That is exactly the invitation from the readings this Sunday. The liturgical world refers to this as “Ordinary Time”, but these readings are all about overcoming fear and trusting God’s love. There is Jeremiah’s lament contrasted so deeply with his confidence in God. Romans 5 is a reminder of the overflowing of God’s grace, and John’s Gospel begins with the admonition. “Fear no one.” Trust and confidence are the cornerstones of love; love is the cornerstone of life. That sort of love, deep and certain, concrete and clear, a definitive choice, empowers strength, redefines courage. The idea that God chooses the gift of unconditional love during ordinary times is extraordinary by any standard. Most importantly, in both the mundane and the incomprehensible, there is the rhythm of this love waiting to be found, to sustain and to energize each one through the challenges life represents.

Now is the moment to trust in the fact that even ordinary life is difficult, that there are challenges that can be met with confidence in this unconditional love. There is the chance that in the midst of such tumultuous times, the message of the Gospel offers hope, a perspective for looking at the string of events that are occurring. It means looking at the world with feet firmly planted on the ground, knowing that the earth is shaped by far more than what can be seen. It is a testimony to the idea that in even the most difficult of moments, God is present and offers more than what can be imagined. Stress and anxiety may be the companions of difficult lives; there are ways to address it. And the readings of the Twelfth Sunday of Ordinary Time speak to this very moment.

Corpus Christi

Dissonance has become routine for us now: there are protest rallies and pandemic warnings, demands and losses, side by side. Credibility and confusion are nearly synonymous, and subjectivity often disguises truth. Who to believe? What to believe? How to live in a world like this? We condemn what we have been given, loathe one another’s perspectives, find home on the soap box of media. What is possible now? How can we make a beginning of a world better than this? On this Corpus Christi Sunday, there are clues.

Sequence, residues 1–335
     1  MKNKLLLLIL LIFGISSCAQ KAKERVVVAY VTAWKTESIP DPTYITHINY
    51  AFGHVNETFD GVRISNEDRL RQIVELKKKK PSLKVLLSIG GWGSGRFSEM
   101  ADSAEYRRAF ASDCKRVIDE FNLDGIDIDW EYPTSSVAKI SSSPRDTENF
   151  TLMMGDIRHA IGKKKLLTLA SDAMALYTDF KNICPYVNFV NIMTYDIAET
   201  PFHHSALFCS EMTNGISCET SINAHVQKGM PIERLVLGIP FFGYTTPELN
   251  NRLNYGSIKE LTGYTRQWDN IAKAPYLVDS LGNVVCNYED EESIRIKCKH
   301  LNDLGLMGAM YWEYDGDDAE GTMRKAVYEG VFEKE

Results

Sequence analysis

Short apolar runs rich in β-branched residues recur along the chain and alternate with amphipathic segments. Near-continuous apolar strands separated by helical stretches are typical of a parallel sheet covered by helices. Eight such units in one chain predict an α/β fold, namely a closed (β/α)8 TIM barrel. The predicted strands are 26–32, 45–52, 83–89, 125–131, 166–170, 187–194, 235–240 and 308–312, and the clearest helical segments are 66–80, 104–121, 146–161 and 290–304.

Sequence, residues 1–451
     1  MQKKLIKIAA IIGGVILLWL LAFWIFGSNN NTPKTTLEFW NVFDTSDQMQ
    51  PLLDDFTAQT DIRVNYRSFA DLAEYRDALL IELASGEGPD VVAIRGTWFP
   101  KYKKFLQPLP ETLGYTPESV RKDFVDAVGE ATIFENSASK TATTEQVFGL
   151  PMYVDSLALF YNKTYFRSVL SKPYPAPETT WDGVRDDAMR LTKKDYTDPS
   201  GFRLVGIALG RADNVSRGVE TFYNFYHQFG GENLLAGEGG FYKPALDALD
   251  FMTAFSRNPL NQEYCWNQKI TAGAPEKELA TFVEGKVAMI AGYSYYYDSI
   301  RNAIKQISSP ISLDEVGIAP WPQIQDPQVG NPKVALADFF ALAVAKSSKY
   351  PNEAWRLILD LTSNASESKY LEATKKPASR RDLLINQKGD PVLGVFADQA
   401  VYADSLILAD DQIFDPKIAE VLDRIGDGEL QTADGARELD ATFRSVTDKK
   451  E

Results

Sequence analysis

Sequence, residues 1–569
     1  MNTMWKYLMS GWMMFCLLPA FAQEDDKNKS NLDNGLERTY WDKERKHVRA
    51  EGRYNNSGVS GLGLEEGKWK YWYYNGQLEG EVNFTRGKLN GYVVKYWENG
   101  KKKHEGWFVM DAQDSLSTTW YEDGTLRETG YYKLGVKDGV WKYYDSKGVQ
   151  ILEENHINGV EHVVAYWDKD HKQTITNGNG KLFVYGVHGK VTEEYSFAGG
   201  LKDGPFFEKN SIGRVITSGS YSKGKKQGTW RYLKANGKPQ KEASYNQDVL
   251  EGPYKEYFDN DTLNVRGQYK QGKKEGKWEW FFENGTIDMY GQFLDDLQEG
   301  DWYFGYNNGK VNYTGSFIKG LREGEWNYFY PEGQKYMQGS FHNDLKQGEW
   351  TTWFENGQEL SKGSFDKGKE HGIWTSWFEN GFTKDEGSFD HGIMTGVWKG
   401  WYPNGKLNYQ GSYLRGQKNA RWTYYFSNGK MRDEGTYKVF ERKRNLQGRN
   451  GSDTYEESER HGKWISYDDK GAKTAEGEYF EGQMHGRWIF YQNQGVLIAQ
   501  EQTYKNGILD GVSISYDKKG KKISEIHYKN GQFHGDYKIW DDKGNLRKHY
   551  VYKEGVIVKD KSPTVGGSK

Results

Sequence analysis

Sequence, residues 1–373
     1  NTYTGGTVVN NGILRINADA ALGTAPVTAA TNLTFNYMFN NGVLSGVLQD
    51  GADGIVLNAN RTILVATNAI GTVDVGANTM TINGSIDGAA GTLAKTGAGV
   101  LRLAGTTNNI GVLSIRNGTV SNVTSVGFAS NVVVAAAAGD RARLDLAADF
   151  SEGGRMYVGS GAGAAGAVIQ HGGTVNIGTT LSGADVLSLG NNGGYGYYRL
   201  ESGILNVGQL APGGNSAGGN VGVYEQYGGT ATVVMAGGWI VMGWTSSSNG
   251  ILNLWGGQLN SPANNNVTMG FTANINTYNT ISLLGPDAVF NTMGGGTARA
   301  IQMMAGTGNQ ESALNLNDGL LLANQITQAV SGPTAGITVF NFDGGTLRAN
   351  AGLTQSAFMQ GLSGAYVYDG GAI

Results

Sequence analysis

Re-discovering what we have in common as human beings might be the first step. We are masters at discovering and celebrating difference. And yet, over these past weeks of lockdown, we have proven that we can comply with directives for the good of all and that we reserve the right to differ. We are experts at using social media to bare souls and expose injustice. But we use it for labelling, derision, negation and bullying as well. And sometimes, we do not see the difference. We have challenged and discredited our social institutions, and we are rewriting our history. But we are not all quite in agreement over either of those. So how can we mind a moment and name what it is that makes us human?

Corpus Christi is the reminder that we are all happily and hopelessly human. We share a comon need: food and sustenance. Corpus Christi is a celebration of what binds us together as humans; it is the feast that invites us to look at the sameness, to discover as Paul did, that “…we, although there are many of us, are one single body, for we all share in the one loaf.” (2 Cor 10) To imagine, in our world of difference, discouragement, disdain and discrimination, that we are actually all one body is an enormous movement towards recognizing that which we have in common.

Corupus Christi is also the reminder that we need one another; within that single body, we cannot be whole without all the parts. The body system is complicated and multi-faceted. Imagining that enables us to see the uniqueness of each member of the human family, to appreciate the depth of need for one another and the possibilities for expressing that with gratitude and understanding. And there is the practical point that if we are indeed one body, then protecting and preserving that is a responsibility that falls to all of us.